Does My Business Insurance Cover against Sewer Backups?

Find out if and how your policy protects you against the messiest potential risks.
Business Sewer Backup

As a responsible business owner, you have to consider all potential risks to your business, from the obvious to the most disgusting. Which means it’s important to get your business protected from the very beginning against disasters that could cause much more than just a financial mess. So what happens if your store is closed for a few weeks due to a sewer backup, does your business insurance protect you? The good news is that we know, so you don’t have to.

Independent insurance agents know all about business insurance and the coverage you need against all potential disasters, too. They know exactly how to protect your business against sewer backups and all other messy disasters, and they’ll get you set up with all the coverage you need long before you need it. But before we get ahead of ourselves, let’s take a closer look at business insurance and how it might cover sewer backups.

What Happens If My Store Is Closed Due to a Sewer Backup?

Well, that depends on whether you have the right coverage. Standard business insurance policies typically do not provide protection for sewer backups by default. Instead, this coverage needs to be purchased as a special endorsement or add-on. There are two basic types of sewer backup endorsements, one that covers your own sewer backups, and one that covers backups stemming from your neighbors or anyone else.

The reason standard business insurance policies don’t include coverage for sewer backups is because typically these events happen due to maintenance-related issues. Business insurance doesn't protect against failures by a business owner to keep up routine maintenance, including on sewage lines. The other reason sewer backups typically occur is due to a flood, which is another peril not covered by business insurance.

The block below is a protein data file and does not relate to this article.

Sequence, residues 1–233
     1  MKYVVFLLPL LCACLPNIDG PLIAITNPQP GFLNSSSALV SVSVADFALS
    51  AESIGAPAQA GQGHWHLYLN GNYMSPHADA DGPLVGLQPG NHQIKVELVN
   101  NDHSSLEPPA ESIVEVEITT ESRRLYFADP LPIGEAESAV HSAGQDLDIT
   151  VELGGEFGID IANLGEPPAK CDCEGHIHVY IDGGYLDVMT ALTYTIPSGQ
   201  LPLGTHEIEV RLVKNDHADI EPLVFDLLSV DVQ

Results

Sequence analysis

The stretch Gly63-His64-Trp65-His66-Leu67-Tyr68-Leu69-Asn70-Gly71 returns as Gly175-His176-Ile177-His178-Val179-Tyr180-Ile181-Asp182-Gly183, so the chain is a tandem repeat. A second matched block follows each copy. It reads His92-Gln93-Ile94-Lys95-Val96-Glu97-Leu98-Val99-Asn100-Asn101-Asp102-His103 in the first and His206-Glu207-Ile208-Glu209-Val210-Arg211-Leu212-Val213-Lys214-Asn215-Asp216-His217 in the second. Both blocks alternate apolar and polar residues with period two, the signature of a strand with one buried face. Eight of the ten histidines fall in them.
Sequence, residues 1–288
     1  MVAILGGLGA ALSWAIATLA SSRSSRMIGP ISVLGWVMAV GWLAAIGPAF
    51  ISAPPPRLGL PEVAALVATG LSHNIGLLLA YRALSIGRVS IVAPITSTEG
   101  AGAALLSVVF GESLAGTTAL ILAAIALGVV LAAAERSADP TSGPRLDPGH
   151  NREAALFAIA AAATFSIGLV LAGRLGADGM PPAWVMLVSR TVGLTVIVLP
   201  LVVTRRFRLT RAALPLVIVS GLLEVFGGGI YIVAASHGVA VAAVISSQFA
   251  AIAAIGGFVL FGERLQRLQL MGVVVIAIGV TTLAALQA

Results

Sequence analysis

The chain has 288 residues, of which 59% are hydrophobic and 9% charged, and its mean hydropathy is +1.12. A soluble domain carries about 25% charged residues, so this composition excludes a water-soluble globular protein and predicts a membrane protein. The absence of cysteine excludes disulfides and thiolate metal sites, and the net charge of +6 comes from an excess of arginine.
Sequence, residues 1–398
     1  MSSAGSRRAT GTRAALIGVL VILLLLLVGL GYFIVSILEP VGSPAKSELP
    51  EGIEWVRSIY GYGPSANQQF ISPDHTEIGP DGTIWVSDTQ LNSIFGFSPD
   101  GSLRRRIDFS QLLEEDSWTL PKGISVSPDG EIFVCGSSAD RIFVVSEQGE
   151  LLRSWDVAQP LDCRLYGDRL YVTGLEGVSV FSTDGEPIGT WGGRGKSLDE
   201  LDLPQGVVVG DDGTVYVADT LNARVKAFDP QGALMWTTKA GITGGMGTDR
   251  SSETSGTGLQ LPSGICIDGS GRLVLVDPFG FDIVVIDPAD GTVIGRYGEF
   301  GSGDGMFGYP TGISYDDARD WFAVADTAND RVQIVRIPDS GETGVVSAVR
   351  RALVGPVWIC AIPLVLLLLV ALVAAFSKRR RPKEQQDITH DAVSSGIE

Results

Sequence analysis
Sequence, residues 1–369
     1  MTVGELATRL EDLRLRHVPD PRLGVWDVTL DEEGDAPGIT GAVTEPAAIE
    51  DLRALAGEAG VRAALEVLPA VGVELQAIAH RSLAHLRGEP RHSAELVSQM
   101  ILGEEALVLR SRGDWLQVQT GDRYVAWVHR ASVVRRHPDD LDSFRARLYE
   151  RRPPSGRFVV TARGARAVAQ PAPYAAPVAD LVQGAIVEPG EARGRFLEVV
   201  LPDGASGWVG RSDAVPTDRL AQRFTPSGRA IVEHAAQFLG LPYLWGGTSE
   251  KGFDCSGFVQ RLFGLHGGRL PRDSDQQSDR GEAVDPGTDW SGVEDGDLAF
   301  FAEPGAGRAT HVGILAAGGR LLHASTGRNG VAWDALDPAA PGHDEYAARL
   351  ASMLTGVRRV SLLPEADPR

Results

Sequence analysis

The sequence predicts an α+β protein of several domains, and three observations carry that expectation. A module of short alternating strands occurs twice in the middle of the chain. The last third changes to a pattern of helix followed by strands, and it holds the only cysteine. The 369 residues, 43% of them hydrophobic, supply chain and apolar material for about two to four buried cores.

What Is Loss of Income Coverage?

Business income coverage, formerly known as business interruption coverage, helps a business by paying for its continued expenses (e.g., payroll and bills) when operations are temporarily suspended due to a disaster. The cause of the interruption must be a covered peril under the business insurance policy in order for the business to qualify for reimbursement, though, which is why in the event of a sewer backup, you’d need that special endorsement.

Loss of income coverage usually has a waiting period before reimbursement begins, and it’s typically 48-72 hours after the disaster first occurs. So, after operations have been suspended for this length of time, loss of income coverage starts helping the business to recover lost income. Your policy also limits the amount of time this coverage is in effect, known as the restoration period. Restoration periods can range from a standard 30 days to 360 days with added endorsements.

What Doesn’t Business Income Insurance Cover?

Though business income coverage helps protect businesses against lost income for many common reasons, it doesn’t protect against all losses. The following expenses are not covered under business income insurance:

  • Utility expenses
  • Communicable diseases or viruses and pandemics
  • Undocumented income
  • Damaged inventory due to covered events
  • Flood damage or earthquake/mudslide/landslide damage
  • Expenses that occur during the waiting period or after the restoration period ends

If you’re concerned about any of these areas in which your business income insurance won’t cover lost revenue, talk with your independent insurance agent to get the protection you need.

What Kind of Sewer Backup Coverage Do I Have?

To answer this question, you’ll have to review your specific business insurance policy. The best way to do this is to work with your independent insurance agent. They’ll be able to tell you if your business insurance policy includes coverage for sewer backups at all, and if so, which kind you have. They can also help you add this important coverage endorsement in the event you haven’t already.